You may remember that a few days ago Shia LaBeouf gathered some attention during his trip to Cannes by basically admitting to the Associated Press that he didn't like Transformers 2 either. You may also remember that the big exploding robots spectacle of 2009 wasn't the first disappointing sequel that Shia has starred in, but don't worry-- Shia is perfectly willing to trash talk that one too.
Because he inexplicably hasn't been shut up by his handlers, LaBeouf gave an interview to The Los Angeles Times in which he had plenty to say about Indiana Jones and the Kingdom of the Crystal Skull and why it, well, sucked. He started by blaming himself: "I feel like I dropped the ball on the legacy that people loved and cherished. You get to monkey-swinging and things like that and you can blame it on the writer and you can blame it on Steven [Spielberg]. But the actor's job is to make it come alive and make it work, and I couldn't do it. So that's my fault. Simple."
But then he moved on for some somewhat harsh words against Spielberg himself, couched in a lot of rationalizations about how much affection he has for the guy.
"I'll probably get a call. But he needs to hear this. I love him. I love Steven. I have a relationship with Steven that supersedes our business work. And believe me, I talk to him often enough to know that I'm not out of line. And I would never disrespect the man. I think he's a genius, and he's given me my whole life. He's done so much great work that there's no need for him to feel vulnerable about one film. But when you drop the ball you drop the ball."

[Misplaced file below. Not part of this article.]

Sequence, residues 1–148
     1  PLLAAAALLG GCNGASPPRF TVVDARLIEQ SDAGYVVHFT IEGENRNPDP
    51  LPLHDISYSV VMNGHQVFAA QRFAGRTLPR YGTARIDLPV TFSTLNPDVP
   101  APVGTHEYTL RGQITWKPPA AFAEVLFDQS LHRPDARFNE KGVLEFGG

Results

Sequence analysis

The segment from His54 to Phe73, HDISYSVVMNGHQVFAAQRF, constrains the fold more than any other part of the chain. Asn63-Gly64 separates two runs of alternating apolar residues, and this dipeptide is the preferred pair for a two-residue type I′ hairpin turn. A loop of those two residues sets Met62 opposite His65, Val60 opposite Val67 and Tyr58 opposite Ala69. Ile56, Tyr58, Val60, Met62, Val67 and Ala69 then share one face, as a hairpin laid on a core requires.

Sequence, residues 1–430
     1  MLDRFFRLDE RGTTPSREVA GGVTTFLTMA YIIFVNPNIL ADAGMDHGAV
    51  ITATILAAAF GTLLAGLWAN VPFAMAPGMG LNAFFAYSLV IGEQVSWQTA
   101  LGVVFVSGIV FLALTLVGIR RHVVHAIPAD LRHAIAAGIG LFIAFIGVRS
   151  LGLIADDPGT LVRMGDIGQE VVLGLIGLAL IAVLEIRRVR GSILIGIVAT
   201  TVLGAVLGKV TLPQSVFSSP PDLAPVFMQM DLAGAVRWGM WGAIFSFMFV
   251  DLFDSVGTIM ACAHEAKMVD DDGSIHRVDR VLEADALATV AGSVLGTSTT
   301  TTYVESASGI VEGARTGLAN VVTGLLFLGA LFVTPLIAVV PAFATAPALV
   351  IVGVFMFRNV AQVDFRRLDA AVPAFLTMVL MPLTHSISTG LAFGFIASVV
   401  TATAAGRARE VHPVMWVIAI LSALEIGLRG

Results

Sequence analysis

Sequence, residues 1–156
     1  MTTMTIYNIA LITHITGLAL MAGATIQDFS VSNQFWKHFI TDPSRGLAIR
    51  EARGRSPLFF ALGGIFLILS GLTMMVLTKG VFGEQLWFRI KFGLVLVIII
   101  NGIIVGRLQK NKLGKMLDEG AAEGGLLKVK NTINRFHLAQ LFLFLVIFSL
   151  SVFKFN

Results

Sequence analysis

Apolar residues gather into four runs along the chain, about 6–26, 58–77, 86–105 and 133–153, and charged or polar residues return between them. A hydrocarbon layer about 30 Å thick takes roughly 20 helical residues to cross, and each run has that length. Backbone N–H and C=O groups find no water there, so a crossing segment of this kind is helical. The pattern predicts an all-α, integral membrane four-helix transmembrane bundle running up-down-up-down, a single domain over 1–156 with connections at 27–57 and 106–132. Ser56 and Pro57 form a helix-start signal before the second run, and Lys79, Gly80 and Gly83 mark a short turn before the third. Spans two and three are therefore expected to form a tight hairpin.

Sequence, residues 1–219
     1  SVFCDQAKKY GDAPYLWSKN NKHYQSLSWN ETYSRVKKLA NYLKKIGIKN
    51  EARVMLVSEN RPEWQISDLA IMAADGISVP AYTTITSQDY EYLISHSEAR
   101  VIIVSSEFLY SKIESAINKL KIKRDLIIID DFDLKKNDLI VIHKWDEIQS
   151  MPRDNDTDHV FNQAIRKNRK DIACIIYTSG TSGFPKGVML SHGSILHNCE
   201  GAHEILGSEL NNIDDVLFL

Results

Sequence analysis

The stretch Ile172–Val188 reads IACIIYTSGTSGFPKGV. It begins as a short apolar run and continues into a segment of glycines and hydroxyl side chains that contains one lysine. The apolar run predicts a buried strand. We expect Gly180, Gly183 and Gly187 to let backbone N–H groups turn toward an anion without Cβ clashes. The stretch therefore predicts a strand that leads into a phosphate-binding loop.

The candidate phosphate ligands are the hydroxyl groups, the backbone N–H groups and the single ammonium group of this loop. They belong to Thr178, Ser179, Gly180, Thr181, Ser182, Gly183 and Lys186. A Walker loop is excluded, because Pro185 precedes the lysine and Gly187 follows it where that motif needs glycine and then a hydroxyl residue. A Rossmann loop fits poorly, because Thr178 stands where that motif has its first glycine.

Finally, LaBeouf brought Harrison Ford into it-- "We [Harrison Ford and LaBeouf] had major discussions. He wasn't happy with it either. Look, the movie could have been updated. There was a reason it wasn't universally accepted." And he had a pretty good explanation for why he was willing to admit all of this, something that's practically taboo in the world of Hollywood blockbusters: "I think the audience is pretty intelligent. I think they know when you've made ... . And I think if you don't acknowledge it, then why do they trust you the next time you're promoting a movie."
You've got to admire LaBeouf's youthful belief in honesty and clearing the air after a box office stinker, but it also seems safe to assume this is going to come back to bite him in the ass. Hollywood has always seemed like a structure that operates off delusion, the belief that even the biggest bomb had artistic merit, or that box office successes happen for a reason, not because audiences are brainwashed by months of marketing into seeing something regardless of quality. LaBeouf seems to think he can help break the cycle, and while we seriously doubt that's possible, it's nice to at least have someone out there speaking truth for once.